Dale S. Wright

‘In Zen Buddhism, it is widely thought that the ultimate goal of the practice is neither to be engaged in zazen (seated meditation) nor to achieve satori (the sudden disclosure of reality) but rather to embody in everyday life the vision that zazen and satori have made possible. In that sense, “meditation” is not the intentional activity so much as it is the quality and depth of mindfulness that you bring to any activity. Thus, depending on which orientation to meditation you take, you might say with equal truth that an awakened human being no longer spends much time in meditation (in the first sense) or that in fact such a person is virtually always in a meditative stated of mind (in the second sense). (The Six Perfections)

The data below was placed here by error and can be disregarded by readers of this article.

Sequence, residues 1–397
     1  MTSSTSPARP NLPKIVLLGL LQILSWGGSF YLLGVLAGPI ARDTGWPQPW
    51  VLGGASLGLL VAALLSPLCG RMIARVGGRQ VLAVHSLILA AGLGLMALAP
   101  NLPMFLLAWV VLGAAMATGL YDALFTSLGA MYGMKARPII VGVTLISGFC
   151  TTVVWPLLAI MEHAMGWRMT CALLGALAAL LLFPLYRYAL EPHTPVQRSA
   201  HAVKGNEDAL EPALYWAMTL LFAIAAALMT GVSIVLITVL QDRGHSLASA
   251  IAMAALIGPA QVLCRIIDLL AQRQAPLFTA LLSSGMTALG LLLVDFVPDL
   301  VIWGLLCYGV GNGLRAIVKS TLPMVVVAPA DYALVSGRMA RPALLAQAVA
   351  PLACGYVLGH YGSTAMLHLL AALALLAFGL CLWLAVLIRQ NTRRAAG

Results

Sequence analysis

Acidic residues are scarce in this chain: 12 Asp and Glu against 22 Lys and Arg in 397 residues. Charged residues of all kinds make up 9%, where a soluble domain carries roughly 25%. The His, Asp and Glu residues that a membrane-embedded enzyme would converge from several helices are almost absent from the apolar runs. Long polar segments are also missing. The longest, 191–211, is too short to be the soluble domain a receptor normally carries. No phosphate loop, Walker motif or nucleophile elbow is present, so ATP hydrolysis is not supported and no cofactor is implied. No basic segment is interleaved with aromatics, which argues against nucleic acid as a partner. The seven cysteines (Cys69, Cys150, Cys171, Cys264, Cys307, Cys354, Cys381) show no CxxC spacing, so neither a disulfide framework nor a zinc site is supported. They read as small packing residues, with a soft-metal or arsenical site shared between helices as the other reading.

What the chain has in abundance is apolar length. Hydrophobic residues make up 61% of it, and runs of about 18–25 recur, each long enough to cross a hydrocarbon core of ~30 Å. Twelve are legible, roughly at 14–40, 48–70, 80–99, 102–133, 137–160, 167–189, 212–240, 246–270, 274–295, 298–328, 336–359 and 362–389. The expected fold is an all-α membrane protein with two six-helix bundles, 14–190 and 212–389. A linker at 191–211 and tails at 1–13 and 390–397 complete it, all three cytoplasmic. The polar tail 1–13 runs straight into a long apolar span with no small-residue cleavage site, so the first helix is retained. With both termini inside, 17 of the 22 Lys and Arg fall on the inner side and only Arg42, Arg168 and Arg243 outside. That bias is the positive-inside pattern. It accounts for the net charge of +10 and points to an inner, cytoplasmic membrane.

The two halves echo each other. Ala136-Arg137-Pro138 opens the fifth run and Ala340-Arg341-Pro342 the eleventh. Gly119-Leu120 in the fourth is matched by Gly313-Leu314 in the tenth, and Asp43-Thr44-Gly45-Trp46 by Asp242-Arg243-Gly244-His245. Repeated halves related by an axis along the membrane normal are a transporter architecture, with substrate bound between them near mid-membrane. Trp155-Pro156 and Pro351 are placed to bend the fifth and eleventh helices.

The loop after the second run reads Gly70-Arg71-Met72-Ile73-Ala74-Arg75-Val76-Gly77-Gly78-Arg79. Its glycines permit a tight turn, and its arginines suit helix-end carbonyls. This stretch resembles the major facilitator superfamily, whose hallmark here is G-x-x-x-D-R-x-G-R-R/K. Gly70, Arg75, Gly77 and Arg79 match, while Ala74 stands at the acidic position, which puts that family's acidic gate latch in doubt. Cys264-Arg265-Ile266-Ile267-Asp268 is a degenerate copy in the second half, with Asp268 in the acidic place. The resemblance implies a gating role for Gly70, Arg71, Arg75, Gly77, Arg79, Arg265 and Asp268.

I would not claim to be awakened, but I do spend less time in meditation these days, and try to bring that frame of mind to my daily life. I was struck, reading this again, about his definition of satori, ‘the sudden disclosure of reality’; where has reality been all this time, and how did we not notice it before?

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